Get Your “Generations Working Together”
This topic is something many of us employers don’t think about until we find dissention within our workforce.
If you’re looking to narrow the gaps that inherently exist between different workplace generations the above titled book by Laura E. Bernstein offers the following tips each manager needs to do!
- Acknowledge that everyone wants to be treated with dignity and respect. And, remember that those expectations will likely be defined differently by different people.
- Give coworkers, customers, and suppliers the same benefit of the doubt that you wish from them.
- Presume that everyone you interact with is motivated by good intentions – unless they prove otherwise.
- Accept that you can learn from others’ different life experiences, perspectives, and approaches – just as others can learn from yours.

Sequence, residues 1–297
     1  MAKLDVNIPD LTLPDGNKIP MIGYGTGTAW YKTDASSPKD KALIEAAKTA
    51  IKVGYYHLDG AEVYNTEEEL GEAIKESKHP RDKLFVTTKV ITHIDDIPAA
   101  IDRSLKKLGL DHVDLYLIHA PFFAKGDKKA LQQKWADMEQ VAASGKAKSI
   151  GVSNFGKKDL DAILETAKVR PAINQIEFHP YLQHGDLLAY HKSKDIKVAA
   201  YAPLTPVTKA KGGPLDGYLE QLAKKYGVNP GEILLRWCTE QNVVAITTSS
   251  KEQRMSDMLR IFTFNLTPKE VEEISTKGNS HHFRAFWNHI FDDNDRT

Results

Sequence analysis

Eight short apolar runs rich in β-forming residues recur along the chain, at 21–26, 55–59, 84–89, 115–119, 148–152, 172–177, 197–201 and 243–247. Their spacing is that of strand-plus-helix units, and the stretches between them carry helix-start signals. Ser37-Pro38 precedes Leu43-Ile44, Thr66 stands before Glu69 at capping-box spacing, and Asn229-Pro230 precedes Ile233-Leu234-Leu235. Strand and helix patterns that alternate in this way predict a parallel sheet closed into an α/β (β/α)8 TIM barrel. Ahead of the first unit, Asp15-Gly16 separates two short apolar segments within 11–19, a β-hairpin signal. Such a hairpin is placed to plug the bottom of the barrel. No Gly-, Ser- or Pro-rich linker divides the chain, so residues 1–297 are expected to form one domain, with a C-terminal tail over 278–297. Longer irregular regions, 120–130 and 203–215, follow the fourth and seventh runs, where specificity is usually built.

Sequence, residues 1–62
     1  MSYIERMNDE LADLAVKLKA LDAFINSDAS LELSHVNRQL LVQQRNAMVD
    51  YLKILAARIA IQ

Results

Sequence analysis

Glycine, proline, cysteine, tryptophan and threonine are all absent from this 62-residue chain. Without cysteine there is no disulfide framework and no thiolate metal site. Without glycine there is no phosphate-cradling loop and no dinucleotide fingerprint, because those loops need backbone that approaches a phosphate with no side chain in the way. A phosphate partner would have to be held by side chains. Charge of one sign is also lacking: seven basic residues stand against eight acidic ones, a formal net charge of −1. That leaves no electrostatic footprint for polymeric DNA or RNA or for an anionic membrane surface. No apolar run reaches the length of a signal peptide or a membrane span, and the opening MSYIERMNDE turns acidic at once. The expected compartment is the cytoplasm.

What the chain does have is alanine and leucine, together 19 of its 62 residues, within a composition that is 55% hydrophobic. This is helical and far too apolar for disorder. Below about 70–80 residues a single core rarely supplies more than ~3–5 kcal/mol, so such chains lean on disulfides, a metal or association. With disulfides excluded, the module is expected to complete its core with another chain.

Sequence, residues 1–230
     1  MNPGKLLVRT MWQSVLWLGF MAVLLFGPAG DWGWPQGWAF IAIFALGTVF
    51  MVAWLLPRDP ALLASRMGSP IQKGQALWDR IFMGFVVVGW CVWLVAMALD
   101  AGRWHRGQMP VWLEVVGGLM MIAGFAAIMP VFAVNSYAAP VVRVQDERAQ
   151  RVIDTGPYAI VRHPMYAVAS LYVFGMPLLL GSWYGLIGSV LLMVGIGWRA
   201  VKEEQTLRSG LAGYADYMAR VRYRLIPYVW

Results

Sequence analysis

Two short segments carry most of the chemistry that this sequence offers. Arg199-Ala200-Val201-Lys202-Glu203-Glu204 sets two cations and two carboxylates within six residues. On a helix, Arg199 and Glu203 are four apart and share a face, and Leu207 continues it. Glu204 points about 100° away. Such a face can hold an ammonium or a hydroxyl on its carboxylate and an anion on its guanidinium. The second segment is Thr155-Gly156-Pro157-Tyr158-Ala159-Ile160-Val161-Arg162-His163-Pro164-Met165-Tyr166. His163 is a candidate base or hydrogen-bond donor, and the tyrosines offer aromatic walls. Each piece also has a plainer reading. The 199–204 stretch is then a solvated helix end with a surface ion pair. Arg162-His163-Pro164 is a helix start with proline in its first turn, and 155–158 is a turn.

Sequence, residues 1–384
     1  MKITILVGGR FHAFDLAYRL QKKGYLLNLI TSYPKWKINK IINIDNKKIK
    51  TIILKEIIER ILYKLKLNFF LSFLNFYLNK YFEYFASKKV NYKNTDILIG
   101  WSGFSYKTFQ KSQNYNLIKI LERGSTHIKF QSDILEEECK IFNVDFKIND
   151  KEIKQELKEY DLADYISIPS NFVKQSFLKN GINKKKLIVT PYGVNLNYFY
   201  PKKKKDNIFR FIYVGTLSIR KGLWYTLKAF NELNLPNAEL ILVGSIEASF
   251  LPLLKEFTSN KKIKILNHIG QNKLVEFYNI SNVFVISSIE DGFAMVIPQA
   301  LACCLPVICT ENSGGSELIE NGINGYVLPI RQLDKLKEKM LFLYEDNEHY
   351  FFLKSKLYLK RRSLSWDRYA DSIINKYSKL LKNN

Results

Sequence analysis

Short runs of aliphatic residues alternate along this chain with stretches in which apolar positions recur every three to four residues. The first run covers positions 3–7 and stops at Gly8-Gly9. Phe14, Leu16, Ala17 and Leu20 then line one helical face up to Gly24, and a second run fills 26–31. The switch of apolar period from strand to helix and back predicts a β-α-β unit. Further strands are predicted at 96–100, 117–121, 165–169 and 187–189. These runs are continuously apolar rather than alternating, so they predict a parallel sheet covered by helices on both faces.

- Make an effort to focus on your similarities with others rather than your differences. Find, appreciate, and celebrate the common ground you share with those you work with … and work for.
- Be willing to flex your natural style and preferences in order to work more effectively with all of your colleagues. Increased cooperation and collaboration results in greater success … for EVERYONE!
- Be open and tactfully honest about your personal “hot buttons” (i.e., recurring sources of tension or conflict) and mindful of the things that bother others.
- Remember that each individual brings something special (and needed) to the table … each person represents a piece that must be present in order for your organizational puzzle to be complete.
- Focus on what really matters: productivity, teamwork, customer service, and mutual success.
- Accept the fact that how you treat, deal with, and respond to others is purely and simply a matter of your own choosing.
I believe that many of these practices should be followed not only in business but are equally important to observe in our daily lives.
Bayless Engineering & Manufacturing